Several vaccines with different efficacies and effectivenesses are currently being distributed across the world to control the COVID-19 pandemic. Having enough doses from the most efficient vaccines in a short time is not possible for all countries. Hence, policymakers may propose using various combinations of available vaccines to control the pandemic with vaccine-induced herd immunity by vaccinating a fraction of the population. The classic vaccine-induced herd-immunity threshold suggests that we can stop spreading the disease by vaccinating a fraction of the population. However, that classic threshold is defined only for a single vaccine and may be invalid and biased when we have multi-vaccine strategies for a disease or multiple variants, potentially leading policymakers to suboptimal vaccine-allocation policies. Here, we determine which combination of multiple vaccines may lead to herd immunity. We show that simplifying the problem and considering the vaccination of the population as a single-vaccine strategy whose effectiveness is the sample mean of all effectivenesses would not be ideal, because many multi-vaccine strategies with a smaller herd-immunity threshold can be proposed. We show that the herd-immunity threshold may vary due to changes in vaccine-uptake proportions. Moreover, we propose methods to determine the optimal combination of multiple vaccines in order to achieve herd immunity and apply our results to the issue of multiple variants. In addition, we determine a condition for reaching herd immunity in the presence of new emerging variants of concern. We show by example that new variants could influence our estimation of the vaccination reproduction number. It follows that the herd-immunity threshold must be updated not only when multi-vaccine strategies are used but also when multiple variants coexist in the population.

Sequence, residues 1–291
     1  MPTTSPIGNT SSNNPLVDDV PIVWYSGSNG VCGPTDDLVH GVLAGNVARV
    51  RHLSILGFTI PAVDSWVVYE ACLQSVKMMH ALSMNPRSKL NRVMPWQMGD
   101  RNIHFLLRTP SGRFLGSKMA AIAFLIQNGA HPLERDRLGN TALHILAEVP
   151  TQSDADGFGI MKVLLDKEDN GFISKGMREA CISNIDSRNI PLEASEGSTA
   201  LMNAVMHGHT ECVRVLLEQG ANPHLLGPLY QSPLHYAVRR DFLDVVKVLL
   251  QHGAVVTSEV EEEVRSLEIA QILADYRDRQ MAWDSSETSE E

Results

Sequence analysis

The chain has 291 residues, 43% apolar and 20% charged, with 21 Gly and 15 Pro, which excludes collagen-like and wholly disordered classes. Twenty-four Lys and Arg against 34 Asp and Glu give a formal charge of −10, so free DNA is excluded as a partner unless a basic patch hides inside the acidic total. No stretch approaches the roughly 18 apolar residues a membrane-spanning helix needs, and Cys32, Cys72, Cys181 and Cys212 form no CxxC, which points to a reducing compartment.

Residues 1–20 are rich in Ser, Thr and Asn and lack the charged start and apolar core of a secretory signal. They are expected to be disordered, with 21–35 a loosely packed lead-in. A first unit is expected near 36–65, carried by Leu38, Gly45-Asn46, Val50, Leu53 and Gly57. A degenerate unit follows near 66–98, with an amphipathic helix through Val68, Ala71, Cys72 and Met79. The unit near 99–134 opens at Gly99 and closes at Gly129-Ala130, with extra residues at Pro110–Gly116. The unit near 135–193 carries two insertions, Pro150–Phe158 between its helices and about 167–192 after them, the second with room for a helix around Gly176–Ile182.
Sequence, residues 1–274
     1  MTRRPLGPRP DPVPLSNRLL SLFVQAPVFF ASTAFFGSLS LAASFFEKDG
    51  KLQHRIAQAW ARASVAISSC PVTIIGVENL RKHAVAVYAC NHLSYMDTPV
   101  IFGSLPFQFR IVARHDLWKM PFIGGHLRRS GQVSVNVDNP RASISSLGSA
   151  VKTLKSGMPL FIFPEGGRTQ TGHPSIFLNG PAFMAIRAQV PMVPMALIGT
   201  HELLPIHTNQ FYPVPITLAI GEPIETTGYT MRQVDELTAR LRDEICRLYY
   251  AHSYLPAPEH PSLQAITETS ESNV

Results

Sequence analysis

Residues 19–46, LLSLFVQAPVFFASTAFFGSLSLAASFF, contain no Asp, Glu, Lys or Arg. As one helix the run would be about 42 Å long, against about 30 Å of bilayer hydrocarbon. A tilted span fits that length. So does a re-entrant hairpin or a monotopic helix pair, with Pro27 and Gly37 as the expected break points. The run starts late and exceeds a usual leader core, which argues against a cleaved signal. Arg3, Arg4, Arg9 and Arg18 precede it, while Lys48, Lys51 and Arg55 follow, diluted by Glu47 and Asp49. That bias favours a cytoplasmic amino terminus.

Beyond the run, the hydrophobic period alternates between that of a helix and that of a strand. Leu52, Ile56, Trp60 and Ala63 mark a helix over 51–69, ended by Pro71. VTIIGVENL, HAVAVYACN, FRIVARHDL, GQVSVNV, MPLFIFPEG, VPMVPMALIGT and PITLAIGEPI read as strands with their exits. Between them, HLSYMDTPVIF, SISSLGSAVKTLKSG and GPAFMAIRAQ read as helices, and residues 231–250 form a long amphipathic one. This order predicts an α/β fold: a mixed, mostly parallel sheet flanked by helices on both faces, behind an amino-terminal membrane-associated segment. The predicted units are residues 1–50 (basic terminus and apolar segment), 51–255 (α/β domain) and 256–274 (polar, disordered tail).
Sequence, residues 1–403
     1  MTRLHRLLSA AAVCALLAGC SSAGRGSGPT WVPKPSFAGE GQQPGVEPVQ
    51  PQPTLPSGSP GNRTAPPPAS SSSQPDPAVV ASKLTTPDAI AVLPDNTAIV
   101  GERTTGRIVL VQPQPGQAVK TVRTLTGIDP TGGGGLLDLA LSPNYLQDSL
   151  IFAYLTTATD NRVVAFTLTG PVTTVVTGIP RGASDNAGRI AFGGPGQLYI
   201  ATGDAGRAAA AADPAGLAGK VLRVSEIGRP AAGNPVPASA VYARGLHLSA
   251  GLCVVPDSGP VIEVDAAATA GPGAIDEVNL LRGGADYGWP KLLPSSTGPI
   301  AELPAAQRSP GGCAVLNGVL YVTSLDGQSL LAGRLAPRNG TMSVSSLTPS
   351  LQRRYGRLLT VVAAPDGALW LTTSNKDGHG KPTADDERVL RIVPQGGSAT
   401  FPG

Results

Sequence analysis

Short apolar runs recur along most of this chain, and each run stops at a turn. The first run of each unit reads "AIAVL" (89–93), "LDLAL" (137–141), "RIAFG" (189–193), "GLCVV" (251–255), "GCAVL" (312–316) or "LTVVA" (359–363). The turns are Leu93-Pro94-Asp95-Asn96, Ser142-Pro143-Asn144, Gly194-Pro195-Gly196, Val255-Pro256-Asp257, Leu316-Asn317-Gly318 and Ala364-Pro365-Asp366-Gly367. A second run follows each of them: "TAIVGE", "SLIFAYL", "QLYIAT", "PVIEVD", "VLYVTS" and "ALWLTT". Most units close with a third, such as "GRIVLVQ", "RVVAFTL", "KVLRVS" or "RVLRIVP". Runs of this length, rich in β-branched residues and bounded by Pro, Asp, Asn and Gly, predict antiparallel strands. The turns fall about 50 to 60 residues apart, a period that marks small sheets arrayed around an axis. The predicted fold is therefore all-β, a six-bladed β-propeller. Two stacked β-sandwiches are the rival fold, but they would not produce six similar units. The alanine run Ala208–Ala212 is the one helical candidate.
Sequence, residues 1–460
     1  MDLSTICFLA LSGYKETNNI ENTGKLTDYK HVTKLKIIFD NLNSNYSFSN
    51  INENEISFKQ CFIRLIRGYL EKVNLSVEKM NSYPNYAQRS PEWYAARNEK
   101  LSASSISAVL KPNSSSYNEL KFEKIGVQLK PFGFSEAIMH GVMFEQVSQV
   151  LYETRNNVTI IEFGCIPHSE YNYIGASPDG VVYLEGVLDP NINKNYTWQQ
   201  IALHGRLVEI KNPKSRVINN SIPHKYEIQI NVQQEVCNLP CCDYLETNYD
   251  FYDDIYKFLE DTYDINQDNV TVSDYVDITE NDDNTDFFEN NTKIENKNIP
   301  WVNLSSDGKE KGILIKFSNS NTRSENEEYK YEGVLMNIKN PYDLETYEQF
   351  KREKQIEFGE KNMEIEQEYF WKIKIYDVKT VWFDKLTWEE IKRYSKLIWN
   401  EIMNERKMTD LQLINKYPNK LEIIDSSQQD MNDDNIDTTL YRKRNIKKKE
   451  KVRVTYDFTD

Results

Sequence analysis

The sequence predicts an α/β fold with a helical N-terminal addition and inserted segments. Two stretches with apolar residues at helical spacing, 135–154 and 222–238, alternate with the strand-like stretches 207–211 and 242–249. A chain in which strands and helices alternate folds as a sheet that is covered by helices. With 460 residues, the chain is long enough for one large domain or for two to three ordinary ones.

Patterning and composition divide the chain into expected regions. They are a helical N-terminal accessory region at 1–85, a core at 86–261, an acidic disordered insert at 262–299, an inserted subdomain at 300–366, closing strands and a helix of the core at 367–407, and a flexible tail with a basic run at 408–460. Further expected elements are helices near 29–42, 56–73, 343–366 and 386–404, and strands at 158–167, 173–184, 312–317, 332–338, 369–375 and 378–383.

Fuente: Scientific reports

Published: 26 November 2021